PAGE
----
Among the destinations selected by National Geographic are Alentejo in Portugal, Cape Verde, New Orleans, Puglia in Italy and Nyungwe National Park in Rwanda. Check this link for more recommendations: http://travel.nationalgeographic.com/travel/best-trips-2014/

Lonely Planet Top Value Destinations:

Palawan, Philippines

The Top Ten Value Destinations for 2014 are: Greek Islands, Italy's Heel, Nicaragua, Bulgaria, Portugal, Fiji, Mexico, Karnataka in India, Palawan in Philippines and Ethiopia.  Here's the link: 

New York Times 52 Places to Go in 2014:
At the top of the list is Cape Town, South Africa followed by Christchurch, New Zealand and the Northern California Coast. The Albanian Coast and Downtown Los Angeles round up the Top Five. Please follow this link for the other places on the list: http://www.nytimes.com/interactive/2014/01/10/travel/2014-places-to-go.html?_r=0

"We live in a wonderful world full of beauty, charm and adventure. There is no end to the adventures we can have if only we seek them with our eyes open." Jawaharlal Nehru

Wishing you all safe and fun travels in 2014.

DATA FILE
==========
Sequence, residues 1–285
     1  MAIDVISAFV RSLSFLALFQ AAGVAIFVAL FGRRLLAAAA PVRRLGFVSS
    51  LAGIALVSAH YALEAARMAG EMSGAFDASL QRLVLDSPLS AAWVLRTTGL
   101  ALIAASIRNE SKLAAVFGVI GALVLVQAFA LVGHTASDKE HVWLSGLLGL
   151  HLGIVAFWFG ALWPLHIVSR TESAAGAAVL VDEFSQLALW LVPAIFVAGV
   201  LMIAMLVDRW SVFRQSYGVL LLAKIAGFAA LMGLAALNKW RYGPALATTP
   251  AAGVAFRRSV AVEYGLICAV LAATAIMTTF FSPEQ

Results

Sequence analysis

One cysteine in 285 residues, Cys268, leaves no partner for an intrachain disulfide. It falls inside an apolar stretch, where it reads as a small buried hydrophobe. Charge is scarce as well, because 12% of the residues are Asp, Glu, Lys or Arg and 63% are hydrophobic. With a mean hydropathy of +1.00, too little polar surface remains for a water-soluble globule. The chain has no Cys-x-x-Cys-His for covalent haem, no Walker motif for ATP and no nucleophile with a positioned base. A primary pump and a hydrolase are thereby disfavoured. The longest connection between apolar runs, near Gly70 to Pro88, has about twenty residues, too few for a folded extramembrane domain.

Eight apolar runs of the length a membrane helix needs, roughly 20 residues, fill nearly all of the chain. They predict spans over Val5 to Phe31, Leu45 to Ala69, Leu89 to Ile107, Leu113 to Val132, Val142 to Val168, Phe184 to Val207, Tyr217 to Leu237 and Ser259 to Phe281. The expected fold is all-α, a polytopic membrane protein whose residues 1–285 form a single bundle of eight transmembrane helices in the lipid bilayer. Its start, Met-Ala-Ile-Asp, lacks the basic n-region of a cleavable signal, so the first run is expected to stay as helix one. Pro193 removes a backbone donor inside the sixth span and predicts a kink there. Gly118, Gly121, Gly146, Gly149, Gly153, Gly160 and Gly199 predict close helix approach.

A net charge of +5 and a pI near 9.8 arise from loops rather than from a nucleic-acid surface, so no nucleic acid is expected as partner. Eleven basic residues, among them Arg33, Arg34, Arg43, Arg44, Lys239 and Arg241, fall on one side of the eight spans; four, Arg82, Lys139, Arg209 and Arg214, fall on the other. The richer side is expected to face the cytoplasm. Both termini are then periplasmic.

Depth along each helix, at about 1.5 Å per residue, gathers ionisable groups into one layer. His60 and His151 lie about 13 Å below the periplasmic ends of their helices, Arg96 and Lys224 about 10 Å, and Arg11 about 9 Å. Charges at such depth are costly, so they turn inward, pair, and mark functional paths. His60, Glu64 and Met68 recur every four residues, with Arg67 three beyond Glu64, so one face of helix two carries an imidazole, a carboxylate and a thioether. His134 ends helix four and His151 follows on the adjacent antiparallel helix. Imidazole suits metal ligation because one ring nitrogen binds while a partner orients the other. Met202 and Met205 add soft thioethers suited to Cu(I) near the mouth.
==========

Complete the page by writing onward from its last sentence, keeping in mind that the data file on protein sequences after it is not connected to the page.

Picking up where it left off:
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Images by TravelswithCharie


Saturday, January 04, 2014

Sunday, December 29, 2013

Oahu Redux

Ko Olina Lagoon

It's always a treat to getaway to Oahu. Much as I like to walk around Ala Moana Park as I did in the old days, I've traded this to walking at Ko Olina where the beaches are less crowded, especially on a weekday, and the scenery is enhanced by five peaceful lagoons.  It's also a good place to enjoy the sunset. 

Shaved Ice from Matsumoto

On my travel bucket list for Oahu is to try new restaurants. Honolulu Magazine annually weighs in on the Best Restaurants in Hawaii by category and I use their list as my guide. Last November we tried Assaggio Ristorante Italiano at the Ala Moana Shopping Center. I ordered their Fresh Eggplant Milanese over a bed of linguine and it was very good. The diced eggplant was soft to the bite. For local flavor, we went to Matsumoto in Haleiwa for their famous shaved ice. I chose the mango flavor and we sat on the bench outside the grocery store to enjoy this delicious flavored ice and were rewarded with a view of the picturesque Liliuokalani Protestant Church across the street.

Liliuokalani Protestant Church

Farther up the road from Matsumoto's is the world renowned Banzai Pipeline, the big draw for all earnest surfers. We watched as some of them were coming back to shore as it was getting late. But we also saw a handful of them who were paddling out to meet the waves.  

North Shore

Our souvenir shopping discovery was Don Quijote in Waikele where we found boxes of chocolate covered macadamia nuts and Kauai cookies at bargain prices. These goodies are always appreciated by friends and family on the mainland.